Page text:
“Gazeley has 325,000 sq ft in two buildings due to be finished this month and St Modwen is speculatively building an 85,000 sq ft scheme of several buildings.
“On top of that, in South Wales it would be fair to say there is more speculative development than ever. Over 500,000 sq ft in 11 schemes including the Frontier scheme in Chepstow which totals 180,000 sq ft and the 60,000 sq ft DAFEN Midas Building at Midas Raglan Energy Park.”
Basically all looks rosy but, and there is always a ‘but’, there are problems.
Mr Hobbs explains: “Speculative development in the region has been sparse during the last 10 years and as void rates, brownfield housing development and an increase in out of town office development impact, a lot of stock is being lost.
“Very few of the authorities desire warehousing development – there are even examples of positive policies to restrict spread in urban areas where vehicles may impact on residential areas. Such policies continue to display a view that warehouse jobs are a poor relation, despite our research to the contrary. We are looking at some real growth in the region but there are significant challenges.”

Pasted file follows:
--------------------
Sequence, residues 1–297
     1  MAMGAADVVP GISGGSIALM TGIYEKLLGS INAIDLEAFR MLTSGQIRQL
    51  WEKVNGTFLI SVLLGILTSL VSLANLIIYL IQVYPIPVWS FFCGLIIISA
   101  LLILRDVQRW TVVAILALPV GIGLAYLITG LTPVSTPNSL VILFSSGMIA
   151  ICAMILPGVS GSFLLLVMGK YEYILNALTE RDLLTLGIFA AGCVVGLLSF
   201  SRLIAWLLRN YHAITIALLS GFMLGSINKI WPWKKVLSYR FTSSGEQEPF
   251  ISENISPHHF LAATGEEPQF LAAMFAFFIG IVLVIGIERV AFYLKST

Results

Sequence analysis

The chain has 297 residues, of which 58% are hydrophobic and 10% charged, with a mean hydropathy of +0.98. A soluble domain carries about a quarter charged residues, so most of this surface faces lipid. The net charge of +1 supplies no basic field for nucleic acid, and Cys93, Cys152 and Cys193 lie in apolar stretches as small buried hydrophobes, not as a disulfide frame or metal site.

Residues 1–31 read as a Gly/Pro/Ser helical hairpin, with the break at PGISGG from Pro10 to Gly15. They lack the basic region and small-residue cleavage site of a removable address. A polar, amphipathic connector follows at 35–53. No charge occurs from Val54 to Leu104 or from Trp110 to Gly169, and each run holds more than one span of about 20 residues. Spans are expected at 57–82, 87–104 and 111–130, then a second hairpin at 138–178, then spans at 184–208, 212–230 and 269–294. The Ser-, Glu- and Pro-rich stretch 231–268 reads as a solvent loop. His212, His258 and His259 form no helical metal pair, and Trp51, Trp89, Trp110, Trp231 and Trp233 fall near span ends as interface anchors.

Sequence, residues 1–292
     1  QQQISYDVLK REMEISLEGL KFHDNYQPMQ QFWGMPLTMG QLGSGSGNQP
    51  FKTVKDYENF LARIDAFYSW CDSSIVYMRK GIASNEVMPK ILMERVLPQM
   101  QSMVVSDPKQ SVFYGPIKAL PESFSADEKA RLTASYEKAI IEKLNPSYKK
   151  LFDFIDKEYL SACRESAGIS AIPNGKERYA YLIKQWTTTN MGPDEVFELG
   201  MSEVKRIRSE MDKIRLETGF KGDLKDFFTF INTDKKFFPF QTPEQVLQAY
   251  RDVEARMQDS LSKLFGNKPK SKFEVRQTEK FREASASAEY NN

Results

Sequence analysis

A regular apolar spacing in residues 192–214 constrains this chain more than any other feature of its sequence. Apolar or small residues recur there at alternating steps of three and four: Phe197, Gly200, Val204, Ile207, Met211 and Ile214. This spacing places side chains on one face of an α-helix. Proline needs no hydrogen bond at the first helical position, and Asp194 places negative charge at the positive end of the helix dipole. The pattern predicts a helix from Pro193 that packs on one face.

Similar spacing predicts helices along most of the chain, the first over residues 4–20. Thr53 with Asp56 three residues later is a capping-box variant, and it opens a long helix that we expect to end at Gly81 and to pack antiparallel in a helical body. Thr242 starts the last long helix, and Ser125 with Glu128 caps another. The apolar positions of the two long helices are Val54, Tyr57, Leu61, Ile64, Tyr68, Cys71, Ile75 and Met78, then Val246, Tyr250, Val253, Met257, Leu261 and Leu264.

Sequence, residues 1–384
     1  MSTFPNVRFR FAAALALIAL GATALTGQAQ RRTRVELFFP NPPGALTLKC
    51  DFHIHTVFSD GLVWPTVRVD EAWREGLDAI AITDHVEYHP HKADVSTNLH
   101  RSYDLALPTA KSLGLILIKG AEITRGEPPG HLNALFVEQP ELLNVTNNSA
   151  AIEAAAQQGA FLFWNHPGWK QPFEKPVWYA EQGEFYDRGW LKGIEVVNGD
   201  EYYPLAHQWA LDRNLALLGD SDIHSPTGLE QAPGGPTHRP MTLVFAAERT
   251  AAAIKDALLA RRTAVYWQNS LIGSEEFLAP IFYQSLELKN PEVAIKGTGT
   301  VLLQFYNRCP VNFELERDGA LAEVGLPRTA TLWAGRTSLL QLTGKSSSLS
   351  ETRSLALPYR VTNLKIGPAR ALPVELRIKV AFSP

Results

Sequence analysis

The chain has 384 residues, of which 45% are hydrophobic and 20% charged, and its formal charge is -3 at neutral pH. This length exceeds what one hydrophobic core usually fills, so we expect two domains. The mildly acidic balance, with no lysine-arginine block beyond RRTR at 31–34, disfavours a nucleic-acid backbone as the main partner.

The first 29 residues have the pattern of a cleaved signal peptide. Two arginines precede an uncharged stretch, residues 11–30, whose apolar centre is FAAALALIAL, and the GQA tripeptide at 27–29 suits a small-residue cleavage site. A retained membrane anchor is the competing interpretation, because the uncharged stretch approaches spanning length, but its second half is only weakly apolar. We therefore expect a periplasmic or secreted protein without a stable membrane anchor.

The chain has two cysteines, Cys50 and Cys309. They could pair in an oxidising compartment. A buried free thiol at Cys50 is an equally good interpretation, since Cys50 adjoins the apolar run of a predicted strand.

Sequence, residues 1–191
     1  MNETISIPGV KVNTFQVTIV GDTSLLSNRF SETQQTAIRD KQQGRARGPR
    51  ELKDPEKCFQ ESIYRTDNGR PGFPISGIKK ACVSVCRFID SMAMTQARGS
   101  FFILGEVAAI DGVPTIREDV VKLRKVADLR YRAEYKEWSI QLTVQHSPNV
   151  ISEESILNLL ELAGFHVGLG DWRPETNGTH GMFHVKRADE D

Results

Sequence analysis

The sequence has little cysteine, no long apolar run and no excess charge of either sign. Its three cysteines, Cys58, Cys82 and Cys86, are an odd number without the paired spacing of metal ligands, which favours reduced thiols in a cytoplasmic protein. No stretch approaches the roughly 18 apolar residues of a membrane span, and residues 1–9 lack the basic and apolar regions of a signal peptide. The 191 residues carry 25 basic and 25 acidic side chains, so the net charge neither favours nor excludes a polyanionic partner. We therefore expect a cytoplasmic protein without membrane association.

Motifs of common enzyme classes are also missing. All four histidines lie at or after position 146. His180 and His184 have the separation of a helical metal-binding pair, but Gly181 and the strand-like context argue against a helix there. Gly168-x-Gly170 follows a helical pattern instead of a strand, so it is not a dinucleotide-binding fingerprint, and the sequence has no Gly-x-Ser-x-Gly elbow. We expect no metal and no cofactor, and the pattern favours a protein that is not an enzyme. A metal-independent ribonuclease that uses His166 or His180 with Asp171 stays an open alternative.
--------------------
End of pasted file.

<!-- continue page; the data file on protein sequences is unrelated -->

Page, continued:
So it seems as if the planning authorities have been caught on the hop. Mr Crofts notes: “South Gloucestershire has land but Bristol city has not. It is currently going through its LDP and the industry view is that they have misjudged it with an allocation of 20 hectares until 2028.”
The Industrial Agents Society and leading developers and business groups are currently consulting with the council to remedy matters. Despite the two huge job making deals in South Wales creating employment for nearly 2000 in the logistics sector, one of Wales’ leading property developers is supporting a report which claims local authority planners are damaging the Welsh economy by restricting logistics property development in favour of other industrial uses.
Mike Davies, of Chepstow-based Broadhall, argues local planning authorities should be more supportive of logistics property development in Wales.
He backed findings produced in a report issued by property consultancy Atisreal, entitled ‘Challenging perceptions of logistics property’, which examined local planning authorities attitudes towards logistics property. The report found one in four planners restricts its development, with over half believing logistics doesn’t provide enough quality jobs.
Mr Davies says: “It is certainly my experience that very few local planning authorities welcome logistics property development with open arms. There is a perception that distribution doesn’t create the jobs other types of industrial property uses can. However, I have found the reverse is true. Gwent Euro Park is home to retail giants Tesco and Wilkinson, which collectively have created nearly 1,800 jobs at the park with close to 2 m sq ft of distribution units being occupied by two operators only.”
In Wales, the model produced by Atisreal estimated that logistics property would generate 40 per cent more wage contribution (£32 million) than light industrial space (£26 million), and more than double that generated by general industrial space (£15 million).